Notes: Kenny Bell more than a speedster

TUSCALOOSA, Ala. -- When coaches and players talk about Kenny Bell, his speed is usually the first thing to come up. The University of Alabama receiver is known as a threat in the vertical passing game, but he'd like to be known for much more.

"[Speed] is just an aspect I have," Bell said after Wednesday morning's practice. "But I just don't want to be known as a speed guy. I want to be known as a receiver that's known all the way around."

The junior from Rayville, La., caught 17 passes for 255 yards and two touchdowns last season. His 15 yards per catch average was the best of any receiver on the team with 15 or more receptions.

But is he the fastest on the team? Not even he can answer that question.

"We've got a lot of guys, I really couldn't even tell you," he said. "We always talk about racing each other, but we just haven't had the time yet. But we're going to wind up seeing in the near future."

Bell said he worked hard during the offseason and is anticipating a bigger role on offense in his fourth year at the Capstone. At the A-Day scrimmage in April, Bell led all receivers with five catches for 86 yards and a touchdown.

On Monday, Kevin Norwood said he and Bell have been looking forward to becoming leaders for years. With the top four pass-catchers from last season gone, they have the opportunity.

"I'm like a big brother to the guys," Bell said. "I try to come out and compete and try to lead by example. I'm going to push them hard as they push me hard. I'm going to lift them up when they need to be lifted up. I want to compete with them, and make sure they can be the best they can be."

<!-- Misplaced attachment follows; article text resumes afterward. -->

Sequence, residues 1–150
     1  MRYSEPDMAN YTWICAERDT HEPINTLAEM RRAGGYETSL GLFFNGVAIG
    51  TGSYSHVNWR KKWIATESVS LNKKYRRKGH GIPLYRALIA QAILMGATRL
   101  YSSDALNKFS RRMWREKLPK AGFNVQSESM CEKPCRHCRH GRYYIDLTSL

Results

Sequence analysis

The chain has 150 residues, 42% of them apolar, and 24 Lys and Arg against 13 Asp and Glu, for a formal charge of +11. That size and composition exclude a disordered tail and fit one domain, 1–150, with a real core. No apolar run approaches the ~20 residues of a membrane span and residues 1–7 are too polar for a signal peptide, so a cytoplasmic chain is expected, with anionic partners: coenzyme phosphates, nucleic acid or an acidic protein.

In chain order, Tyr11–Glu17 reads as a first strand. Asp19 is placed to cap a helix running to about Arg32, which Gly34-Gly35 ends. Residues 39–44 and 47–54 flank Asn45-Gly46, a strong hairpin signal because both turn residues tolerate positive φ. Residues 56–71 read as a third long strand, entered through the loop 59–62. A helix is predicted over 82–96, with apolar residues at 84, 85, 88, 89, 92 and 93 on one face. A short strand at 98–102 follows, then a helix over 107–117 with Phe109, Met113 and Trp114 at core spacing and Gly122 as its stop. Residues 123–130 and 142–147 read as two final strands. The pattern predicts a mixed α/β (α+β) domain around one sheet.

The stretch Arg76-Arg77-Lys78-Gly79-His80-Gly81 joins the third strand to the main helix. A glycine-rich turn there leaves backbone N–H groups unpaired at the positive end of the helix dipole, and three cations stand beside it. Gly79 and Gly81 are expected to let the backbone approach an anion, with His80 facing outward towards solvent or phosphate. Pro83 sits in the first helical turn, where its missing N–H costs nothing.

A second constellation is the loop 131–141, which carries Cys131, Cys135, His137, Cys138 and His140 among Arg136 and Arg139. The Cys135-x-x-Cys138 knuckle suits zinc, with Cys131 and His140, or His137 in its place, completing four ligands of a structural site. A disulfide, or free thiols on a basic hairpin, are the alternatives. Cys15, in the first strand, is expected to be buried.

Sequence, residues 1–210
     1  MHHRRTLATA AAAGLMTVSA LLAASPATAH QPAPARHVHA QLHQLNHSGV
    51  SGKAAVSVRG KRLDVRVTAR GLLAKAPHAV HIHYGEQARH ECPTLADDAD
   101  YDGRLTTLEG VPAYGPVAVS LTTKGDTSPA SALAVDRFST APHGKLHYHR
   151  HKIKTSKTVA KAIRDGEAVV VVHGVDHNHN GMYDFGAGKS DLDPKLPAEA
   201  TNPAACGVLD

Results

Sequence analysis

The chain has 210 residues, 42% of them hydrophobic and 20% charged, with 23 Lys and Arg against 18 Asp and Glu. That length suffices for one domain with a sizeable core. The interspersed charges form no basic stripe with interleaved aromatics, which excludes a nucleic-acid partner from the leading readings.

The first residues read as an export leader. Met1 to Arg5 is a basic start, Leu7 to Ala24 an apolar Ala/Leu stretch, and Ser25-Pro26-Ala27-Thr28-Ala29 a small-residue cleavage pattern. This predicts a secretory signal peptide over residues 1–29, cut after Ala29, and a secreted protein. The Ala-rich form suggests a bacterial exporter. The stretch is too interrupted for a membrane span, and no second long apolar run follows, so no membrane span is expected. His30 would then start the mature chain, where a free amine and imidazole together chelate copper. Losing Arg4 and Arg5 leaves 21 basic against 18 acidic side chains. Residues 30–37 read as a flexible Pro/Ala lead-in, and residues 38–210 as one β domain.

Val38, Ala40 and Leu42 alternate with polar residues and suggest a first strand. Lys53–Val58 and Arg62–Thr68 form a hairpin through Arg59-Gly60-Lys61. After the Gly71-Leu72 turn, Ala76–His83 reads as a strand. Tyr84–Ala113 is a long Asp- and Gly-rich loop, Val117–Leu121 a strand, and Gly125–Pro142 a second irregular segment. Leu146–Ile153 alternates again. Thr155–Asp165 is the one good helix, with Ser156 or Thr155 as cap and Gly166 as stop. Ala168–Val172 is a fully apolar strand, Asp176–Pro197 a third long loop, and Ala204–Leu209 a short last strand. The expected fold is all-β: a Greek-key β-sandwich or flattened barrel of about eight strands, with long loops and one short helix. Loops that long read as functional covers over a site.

The competition in camp has been intense with veterans and rookies alike vying for playing time.

"We're just competing with each other, pushing each other to make sure everybody comes out to work hard and show all their ability to play," Bell said.

Bell has some words of advice for the true freshmen such as Amari Cooper and Chris Black who are pushing for playing time early in their careers.

"You can't just live off the high school hype," Bell explained. "You've got to come in and learn to be the great player you can be. Coach [Nick] Saban is going to push you hard, the receiving corps is going to push you hard. You've got other players just as good as you, so you've got to push yourself hard."

Feeling 100 percent

Cyrus Kouandjio showed flashes of skill as a freshman last season, so much so that Alabama is likely to move him to starting left tackle this season. But the 2011-12 season wasn't all roses for Kouandjio.

The Maryland native missed more than half the season with a knee injury and is only just now back at full health.

“I’m feeling pretty good," Kouandjio said."My knee’s back and I’m just pushing forward with the team, trying to get better every day.

"I really needed the extra time in the summer to get to 100 percent."

Despite the injury, Kounadjio said he's glad he got the experience under his belt.

“It was valuable because it gave me a taste of how SEC football is and how to play in front of 100,000 people," he explained.

Battle at safety

There's one thing we know for sure about the Alabama secondary: Robert Lester will be starting at safety. The other safety spot, though, is up for grabs.

Sophomore Vinnie Sunseri was used primarily on special teams a year ago, but did show up on defense to replace Mark Barron, and impressed many with his instincts and tenacity. Now, he's hoping his good play will continue into the fall and springboard him into a starting job alongside Lester.

The competition between he and Ha'Sean Clinton-Dix and others, though, is fierce.

"The competition's unreal," Sunseri said. "We've got unbelievable players competing every day. Everybody's taking a lot of reps and everybody's just doing really well right now flying around to the ball and making plays."